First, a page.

Browse by title

You are looking at 1 - 10 of 2,204 items :

  • Regional Economics x
  • Economics and Finance x
Clear All Modify Search
This content is available to you

Yasuyuki Motoyama

You do not have access to this content

From Innovation to Entrepreneurship

Connectivity-based Regional Development

Yasuyuki Motoyama

Innovation and entrepreneurship are often considered two sides of the same coin. But are the links between innovation and entrepreneurship as inextricable as we think? From Innovation to Entrepreneurship questions this seemingly interdependent relationship, highlighting the different requirements of innovation and entrepreneurship. This book disentangles theories of innovation and entrepreneurship, empirically revealing the overlaps and differences between them. Demonstrating that the pursuit of entrepreneurship is the key to economic development, Yasuyuki Motoyama explores the concept that people are at the heart of entrepreneurship ecosystems.
You do not have access to this content

Handbook of Regional Growth and Development Theories

Revised and Extended Second Edition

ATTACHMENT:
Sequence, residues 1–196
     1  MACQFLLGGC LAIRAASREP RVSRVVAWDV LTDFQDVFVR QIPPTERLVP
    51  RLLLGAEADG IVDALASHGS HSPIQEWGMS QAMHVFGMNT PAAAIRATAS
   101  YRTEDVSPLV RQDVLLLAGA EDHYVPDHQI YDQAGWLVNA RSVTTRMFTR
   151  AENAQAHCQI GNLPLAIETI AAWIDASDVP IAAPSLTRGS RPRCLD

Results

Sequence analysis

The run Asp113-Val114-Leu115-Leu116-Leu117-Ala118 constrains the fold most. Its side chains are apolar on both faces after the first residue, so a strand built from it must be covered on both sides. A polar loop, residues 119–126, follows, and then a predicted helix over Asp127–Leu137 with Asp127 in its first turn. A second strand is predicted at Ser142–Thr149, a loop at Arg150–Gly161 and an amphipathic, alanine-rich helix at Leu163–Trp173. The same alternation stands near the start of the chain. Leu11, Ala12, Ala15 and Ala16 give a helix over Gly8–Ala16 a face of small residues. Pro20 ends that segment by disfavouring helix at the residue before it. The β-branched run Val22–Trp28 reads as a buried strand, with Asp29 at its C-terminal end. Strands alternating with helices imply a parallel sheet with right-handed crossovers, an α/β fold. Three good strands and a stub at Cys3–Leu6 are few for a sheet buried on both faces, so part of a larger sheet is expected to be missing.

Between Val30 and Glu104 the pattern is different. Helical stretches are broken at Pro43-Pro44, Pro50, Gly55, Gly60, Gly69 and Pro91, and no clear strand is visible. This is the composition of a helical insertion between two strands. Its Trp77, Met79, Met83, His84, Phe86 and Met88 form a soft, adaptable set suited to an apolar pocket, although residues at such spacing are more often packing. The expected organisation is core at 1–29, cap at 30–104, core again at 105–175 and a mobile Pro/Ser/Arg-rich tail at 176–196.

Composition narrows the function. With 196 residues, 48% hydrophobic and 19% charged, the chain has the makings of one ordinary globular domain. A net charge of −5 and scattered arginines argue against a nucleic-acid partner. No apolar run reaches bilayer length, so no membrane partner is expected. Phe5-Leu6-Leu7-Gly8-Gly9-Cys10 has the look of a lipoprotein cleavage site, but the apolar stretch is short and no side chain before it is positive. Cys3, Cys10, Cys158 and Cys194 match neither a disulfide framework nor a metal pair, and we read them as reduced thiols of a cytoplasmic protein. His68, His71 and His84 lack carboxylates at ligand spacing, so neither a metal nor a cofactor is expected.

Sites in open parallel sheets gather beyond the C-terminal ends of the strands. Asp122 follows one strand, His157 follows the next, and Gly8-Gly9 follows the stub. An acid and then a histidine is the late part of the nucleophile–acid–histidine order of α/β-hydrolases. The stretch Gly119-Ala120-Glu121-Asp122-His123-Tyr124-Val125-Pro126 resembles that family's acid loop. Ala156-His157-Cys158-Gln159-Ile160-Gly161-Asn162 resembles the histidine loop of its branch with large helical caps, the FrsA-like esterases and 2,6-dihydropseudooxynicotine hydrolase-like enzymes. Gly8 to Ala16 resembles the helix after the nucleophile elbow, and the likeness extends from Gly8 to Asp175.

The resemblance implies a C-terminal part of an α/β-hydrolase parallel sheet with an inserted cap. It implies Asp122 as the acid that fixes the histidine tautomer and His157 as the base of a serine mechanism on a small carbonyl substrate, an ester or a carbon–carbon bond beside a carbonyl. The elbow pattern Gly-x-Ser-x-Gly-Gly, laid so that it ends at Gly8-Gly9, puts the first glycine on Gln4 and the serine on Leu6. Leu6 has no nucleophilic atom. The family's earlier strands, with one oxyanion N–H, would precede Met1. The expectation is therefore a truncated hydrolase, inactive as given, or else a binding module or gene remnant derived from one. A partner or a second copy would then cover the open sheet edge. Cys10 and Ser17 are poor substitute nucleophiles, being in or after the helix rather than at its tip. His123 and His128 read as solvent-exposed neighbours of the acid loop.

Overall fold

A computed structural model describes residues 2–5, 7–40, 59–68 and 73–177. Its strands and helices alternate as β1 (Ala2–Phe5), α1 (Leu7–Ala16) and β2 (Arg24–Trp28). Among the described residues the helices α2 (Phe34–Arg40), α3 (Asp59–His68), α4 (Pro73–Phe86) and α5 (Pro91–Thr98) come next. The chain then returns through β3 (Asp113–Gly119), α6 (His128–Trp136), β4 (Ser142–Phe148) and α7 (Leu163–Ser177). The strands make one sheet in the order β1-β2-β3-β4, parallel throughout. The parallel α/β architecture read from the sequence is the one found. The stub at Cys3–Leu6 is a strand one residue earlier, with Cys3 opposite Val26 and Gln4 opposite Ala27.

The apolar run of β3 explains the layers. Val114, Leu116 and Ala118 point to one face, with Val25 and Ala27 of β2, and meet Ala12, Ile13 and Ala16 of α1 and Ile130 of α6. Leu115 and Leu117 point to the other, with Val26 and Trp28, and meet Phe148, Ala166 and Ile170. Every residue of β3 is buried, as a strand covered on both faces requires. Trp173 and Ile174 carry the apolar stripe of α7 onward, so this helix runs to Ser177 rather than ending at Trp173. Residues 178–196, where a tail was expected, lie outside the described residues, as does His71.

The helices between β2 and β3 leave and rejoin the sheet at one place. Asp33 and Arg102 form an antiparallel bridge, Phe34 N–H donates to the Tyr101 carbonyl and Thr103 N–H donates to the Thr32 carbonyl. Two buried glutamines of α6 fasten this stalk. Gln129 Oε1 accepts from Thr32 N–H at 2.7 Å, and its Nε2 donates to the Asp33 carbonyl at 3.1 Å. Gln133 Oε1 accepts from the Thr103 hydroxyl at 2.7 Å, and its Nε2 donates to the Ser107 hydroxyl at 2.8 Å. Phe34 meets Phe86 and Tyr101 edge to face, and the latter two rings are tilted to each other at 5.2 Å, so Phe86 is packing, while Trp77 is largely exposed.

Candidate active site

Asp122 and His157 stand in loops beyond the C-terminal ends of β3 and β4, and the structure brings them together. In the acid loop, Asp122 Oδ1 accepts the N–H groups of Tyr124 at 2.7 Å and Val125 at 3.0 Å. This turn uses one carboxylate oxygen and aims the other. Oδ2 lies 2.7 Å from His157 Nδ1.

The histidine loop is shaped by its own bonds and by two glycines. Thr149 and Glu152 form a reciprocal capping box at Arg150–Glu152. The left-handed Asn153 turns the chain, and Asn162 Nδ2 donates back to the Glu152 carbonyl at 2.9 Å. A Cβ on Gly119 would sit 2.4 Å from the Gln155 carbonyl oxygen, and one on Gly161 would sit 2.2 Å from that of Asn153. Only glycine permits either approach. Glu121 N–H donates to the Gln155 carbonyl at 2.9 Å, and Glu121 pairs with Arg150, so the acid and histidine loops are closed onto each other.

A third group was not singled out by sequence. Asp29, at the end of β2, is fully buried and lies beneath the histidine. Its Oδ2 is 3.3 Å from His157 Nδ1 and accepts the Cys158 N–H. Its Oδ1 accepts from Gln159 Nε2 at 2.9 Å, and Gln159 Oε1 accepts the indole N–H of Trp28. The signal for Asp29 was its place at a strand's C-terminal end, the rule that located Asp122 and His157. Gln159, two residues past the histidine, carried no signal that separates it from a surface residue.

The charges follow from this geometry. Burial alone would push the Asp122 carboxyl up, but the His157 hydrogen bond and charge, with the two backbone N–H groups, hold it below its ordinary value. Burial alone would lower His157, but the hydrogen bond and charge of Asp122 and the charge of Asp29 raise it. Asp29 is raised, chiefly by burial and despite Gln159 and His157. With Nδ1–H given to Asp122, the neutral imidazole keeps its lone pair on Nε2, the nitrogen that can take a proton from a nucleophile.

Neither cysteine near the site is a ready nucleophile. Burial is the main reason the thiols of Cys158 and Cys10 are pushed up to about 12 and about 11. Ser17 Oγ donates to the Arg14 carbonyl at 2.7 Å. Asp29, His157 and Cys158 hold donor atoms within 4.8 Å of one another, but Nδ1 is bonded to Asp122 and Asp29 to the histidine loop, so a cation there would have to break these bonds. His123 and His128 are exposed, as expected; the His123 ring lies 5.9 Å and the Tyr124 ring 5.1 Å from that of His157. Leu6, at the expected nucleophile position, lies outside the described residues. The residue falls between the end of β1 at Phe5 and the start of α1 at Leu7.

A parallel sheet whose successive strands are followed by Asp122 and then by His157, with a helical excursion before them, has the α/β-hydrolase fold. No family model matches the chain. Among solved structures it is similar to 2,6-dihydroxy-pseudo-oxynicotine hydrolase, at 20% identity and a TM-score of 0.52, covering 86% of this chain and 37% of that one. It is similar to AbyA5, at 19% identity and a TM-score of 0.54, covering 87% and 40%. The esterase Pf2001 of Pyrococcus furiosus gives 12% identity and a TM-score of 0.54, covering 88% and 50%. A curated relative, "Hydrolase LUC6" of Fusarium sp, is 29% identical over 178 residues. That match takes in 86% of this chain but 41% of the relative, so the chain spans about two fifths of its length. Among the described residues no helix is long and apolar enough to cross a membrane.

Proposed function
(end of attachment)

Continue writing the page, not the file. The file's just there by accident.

Edited by Roberta Capello and Peter Nijkamp

Regional economics – an established discipline for several decades – has undergone a period of rapid change in the last ten years resulting in the emergence of several new perspectives. At the same time the methodology of regional economics has also experienced some surprising developments. This fully revised and updated Handbook brings together contributions looking at new pathways in regional economics, written by many well-known international scholars. The aim is to present the most cutting-edge theories explaining regional growth and local development. The authors highlight the recent advances in theories, the normative potentialities of these theories and the cross-fertilization of ideas between regional and mainstream economists. It will be an essential source of reference and information for both scholars and students in the field.
This content is available to you

Patrizio Bianchi, Sandrine Labory and Clemente Ruiz Durán